Remedy to beat the heat- The New Indian Express

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Express News Service

After thermodynamic mattresses and ‘ultra-white’ paint that cools aircraft and buildings, comes cooling clothes. The latest among them is StayQool suit, which promises to offer relief to those facing sweltering temperatures, including construction workers, farmers and soldiers who have no refuge indoors. The innovative outfit, created by British company Techniche UK, is crafted from a special mesh material that can absorb and dissipate heat through evaporation, all while maintaining a waterproof layer on the inside for user comfort. The secret lies in a simple process: before use, they are soaked in water for just two minutes. The result: users can experience an eight-degree drop in temperature on a hot day.

The technology is especially useful in regions like the Middle East, where temperatures can skyrocket above 48ºC. The company says StayQool suits are not only cooling but also adaptable, featuring collars and wrist cuffs that can be easily added or detached. Techniche is not stopping at just suits; they are also developing a cooling vest that, apart from its primary objective, also monitors the wearer’s vital signs and identifies heat stress through ‘smart sensors’. The company draws inspiration from NASA’s ‘phase-change materials’ to create their products.

As global warming continues to rise, clothing brands and startups are emerging as a frontline tool in the climate resilience arsenal. In California, a startup is working on miniature air-conditioning devices that can be integrated into clothing, while Chinese researchers have crafted reflective polyester capable of bouncing up to 90 percent of the sun’s rays off its surface. Japanese brand Uniqlo offers the AIRism T-shirt, which comes in a polyester-and-spandex version and a cotton blend. Some consumers, however, find the polyester version somewhat clingy, while the cotton blend provides more cooling effect.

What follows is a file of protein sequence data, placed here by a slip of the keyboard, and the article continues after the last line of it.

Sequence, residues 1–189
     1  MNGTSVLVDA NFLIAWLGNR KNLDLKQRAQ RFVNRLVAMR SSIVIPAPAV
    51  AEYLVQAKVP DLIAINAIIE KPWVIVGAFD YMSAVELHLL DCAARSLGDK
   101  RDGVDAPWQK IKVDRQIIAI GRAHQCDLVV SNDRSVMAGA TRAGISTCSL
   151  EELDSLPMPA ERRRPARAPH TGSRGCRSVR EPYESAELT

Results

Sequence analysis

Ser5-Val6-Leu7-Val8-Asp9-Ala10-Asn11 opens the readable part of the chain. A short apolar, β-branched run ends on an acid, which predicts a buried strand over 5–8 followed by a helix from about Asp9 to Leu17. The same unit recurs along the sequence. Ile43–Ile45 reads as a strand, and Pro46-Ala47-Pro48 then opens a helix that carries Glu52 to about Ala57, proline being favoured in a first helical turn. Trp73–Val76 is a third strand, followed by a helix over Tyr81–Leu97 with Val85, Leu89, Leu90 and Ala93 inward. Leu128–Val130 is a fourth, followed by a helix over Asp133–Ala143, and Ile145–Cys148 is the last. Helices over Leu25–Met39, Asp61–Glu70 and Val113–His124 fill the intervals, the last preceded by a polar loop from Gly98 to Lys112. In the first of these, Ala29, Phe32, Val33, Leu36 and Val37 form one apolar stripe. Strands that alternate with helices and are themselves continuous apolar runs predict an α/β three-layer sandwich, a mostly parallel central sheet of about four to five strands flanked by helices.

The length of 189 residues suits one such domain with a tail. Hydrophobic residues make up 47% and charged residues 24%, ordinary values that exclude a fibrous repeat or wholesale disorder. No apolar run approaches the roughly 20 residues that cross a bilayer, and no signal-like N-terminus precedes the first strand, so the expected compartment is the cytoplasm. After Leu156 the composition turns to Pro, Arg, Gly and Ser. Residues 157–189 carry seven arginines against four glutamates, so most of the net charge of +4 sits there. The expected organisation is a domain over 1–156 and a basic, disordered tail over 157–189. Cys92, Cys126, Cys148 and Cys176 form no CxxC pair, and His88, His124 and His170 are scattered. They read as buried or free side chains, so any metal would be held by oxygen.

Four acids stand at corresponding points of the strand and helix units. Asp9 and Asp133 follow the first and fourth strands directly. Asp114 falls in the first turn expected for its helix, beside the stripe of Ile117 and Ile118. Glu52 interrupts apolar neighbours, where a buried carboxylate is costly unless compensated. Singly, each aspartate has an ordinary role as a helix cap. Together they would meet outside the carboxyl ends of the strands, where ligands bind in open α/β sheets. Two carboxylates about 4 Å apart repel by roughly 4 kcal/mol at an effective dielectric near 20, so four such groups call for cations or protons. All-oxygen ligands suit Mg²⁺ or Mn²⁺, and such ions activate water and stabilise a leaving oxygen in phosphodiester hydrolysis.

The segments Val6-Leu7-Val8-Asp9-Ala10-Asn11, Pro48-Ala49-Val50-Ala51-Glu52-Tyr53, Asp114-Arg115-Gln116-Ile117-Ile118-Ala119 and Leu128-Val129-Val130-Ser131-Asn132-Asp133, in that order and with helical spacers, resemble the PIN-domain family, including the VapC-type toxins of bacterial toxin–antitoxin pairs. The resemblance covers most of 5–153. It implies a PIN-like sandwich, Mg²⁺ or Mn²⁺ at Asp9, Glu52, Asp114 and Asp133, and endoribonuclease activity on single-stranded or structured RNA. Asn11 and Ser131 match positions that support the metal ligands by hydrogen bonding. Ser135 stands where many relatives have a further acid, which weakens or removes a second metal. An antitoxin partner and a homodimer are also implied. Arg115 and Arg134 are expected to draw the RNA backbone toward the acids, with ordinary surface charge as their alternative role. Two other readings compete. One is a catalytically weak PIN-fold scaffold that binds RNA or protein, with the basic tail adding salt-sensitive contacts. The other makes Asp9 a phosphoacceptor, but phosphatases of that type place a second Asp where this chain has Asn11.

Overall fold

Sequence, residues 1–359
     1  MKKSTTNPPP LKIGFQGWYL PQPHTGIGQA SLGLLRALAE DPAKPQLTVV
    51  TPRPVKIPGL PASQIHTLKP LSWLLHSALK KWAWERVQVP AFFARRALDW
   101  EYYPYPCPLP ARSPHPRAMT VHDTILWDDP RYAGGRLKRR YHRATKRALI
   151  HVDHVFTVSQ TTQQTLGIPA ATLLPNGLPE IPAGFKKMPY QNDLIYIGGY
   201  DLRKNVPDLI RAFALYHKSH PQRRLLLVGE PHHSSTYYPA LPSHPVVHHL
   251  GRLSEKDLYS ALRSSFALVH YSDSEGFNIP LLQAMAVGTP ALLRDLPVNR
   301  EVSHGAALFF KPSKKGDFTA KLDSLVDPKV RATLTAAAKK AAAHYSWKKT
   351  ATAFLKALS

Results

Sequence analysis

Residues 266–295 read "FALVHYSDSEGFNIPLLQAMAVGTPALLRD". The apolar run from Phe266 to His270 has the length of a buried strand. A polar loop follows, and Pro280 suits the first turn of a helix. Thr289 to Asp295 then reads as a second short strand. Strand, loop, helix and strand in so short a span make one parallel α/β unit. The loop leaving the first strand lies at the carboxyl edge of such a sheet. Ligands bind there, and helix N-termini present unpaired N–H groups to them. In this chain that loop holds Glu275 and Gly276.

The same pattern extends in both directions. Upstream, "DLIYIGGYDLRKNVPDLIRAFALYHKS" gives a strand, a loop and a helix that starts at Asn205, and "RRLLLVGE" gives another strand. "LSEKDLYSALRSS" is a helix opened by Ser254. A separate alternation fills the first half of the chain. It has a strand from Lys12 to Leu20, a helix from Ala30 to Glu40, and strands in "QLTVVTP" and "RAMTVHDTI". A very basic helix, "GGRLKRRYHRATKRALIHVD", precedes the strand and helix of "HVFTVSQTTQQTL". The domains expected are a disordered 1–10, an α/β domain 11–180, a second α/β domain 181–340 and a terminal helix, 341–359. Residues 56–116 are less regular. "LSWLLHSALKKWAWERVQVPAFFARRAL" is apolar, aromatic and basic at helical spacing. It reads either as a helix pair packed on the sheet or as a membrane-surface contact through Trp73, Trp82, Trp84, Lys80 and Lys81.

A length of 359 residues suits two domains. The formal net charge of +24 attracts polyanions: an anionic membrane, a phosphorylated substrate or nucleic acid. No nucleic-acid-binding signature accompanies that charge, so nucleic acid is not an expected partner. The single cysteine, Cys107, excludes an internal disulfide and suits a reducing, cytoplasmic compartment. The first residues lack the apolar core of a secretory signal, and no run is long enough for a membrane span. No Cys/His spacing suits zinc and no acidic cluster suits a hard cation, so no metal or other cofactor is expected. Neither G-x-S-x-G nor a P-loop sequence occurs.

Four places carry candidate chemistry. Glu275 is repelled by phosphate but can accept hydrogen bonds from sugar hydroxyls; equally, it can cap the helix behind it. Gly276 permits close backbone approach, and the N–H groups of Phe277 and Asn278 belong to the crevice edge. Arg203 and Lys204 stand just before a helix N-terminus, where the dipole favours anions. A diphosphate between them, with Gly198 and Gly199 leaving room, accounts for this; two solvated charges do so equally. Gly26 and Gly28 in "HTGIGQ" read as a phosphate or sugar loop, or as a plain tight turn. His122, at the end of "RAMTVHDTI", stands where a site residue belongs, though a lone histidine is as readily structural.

LifeLabs, a US-based materials science company, has introduced CoolLife T-shirts, which offers wearers a continuous reduction in body temperature. These garments are crafted from recycled, engineered polyethylene, a material that has the unique property of being transparent to infrared wavelengths. It allows heat to dissipate away from the wearer, ensuring a comfortable experience.

US Brands like Dickies offer the Cooling Temp-iQ T-shirt, promising an ‘instant cooling sensation’. Meanwhile, companies like the Ministry of Supply are using advanced knitting technology to create garments with additional air space between material strands. Kontoor Brands is adopting technology initially designed by NASA to cool astronauts, and applying it to ‘Insta-Cool’ shirts. They print ink made from wax and other materials on the shirt’s interior, creating a noticeable and lasting cooling effect.

Additionally, researchers in places like Hong Kong are experimenting with fabrics and uniform designs that maximise UV protection and sweat management. These studies result in innovative uniforms that provide relief to workers in sweltering conditions. The US Army, for instance, has developed an ‘improved hot weather combat uniform’ that combines nylon and cotton for a lighter, more breathable alternative to standard uniforms. With innovations like these, one thing is clear: our clothing is not just a fashion statement; it’s a lifesaver in a warming world. 

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